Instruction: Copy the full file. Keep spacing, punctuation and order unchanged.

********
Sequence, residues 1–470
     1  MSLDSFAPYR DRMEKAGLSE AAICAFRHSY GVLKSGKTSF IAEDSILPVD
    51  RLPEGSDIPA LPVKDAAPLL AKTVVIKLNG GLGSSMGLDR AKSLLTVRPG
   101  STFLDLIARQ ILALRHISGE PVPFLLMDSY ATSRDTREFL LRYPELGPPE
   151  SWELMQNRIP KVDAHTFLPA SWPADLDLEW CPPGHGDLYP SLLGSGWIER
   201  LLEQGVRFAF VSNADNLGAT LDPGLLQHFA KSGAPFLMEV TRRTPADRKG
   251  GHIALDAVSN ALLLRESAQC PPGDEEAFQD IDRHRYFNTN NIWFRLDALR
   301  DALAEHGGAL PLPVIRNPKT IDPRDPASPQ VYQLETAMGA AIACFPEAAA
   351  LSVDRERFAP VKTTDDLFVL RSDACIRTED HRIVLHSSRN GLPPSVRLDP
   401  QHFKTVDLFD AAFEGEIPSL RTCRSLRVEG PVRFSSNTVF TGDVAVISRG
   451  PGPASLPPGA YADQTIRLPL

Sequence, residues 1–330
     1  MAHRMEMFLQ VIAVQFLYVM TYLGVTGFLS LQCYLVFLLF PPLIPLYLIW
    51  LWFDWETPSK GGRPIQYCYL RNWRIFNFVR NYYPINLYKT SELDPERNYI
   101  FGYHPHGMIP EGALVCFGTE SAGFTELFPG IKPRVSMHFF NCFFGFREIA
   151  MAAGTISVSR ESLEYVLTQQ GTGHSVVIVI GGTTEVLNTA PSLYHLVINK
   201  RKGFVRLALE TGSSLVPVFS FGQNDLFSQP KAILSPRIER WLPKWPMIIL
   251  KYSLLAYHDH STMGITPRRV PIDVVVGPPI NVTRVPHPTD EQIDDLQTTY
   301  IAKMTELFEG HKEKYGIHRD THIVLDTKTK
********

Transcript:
Sequence, residues 1–470
     1  MSLDSFAPYR DRMEKAGLSE AAICAFRHSY GVLKSGKTSF IAEDSILPVD
    51  RLPEGSDIPA LPVKDAAPLL AKTVVIKLNG GLGSSMGLDR AKSLLTVRPG
   101  STFLDLIARQ ILALRHISGE PVPFLLMDSY ATSRDTREFL LRYPELGPPE
   151  SWELMQNRIP KVDAHTFLPA SWPADLDLEW CPPGHGDLYP SLLGSGWIER
   201  LLEQGVRFAF VSNADNLGAT LDPGLLQHFA KSGAPFLMEV TRRTPADRKG
   251  GHIALDAVSN ALLLRESAQC PPGDEEAFQD IDRHRYFNTN NIWFRLDALR
   301  DALAEHGGAL PLPVIRNPKT IDPRDPASPQ VYQLETAMGA AIACFPEAAA
   351  LSVDRERFAP VKTTDDLFVL RSDACIRTED HRIVLHSSRN GLPPSVRLDP
   401  QHFKTVDLFD AAFEGEIPSL RTCRSLRVEG PVRFSSNTVF TGDVAVISRG
   451  PGPASLPPGA YADQTIRLPL

Sequence, residues 1–330
     1  MAHRMEMFLQ VIAVQFLYVM TYLGVTGFLS LQCYLVFLLF PPLIPLYLIW
    51  LWFDWETPSK GGRPIQYCYL RNWRIFNFVR NYYPINLYKT SELDPERNYI
   101  FGYHPHGMIP EGALVCFGTE SAGFTELFPG IKPRVSMHFF NCFFGFREIA
   151  MAAGTISVSR ESLEYVLTQQ GTGHSVVIVI GGTTEVLNTA PSLYHLVINK
   201  RKGFVRLALE TGSSLVPVFS FGQNDLFSQP KAILSPRIER WLPKWPMIIL
   251  KYSLLAYHDH STMGITPRRV PIDVVVGPPI NVTRVPHPTD EQIDDLQTTY
   301  IAKMTELFEG HKEKYGIHRD THIVLDTKTK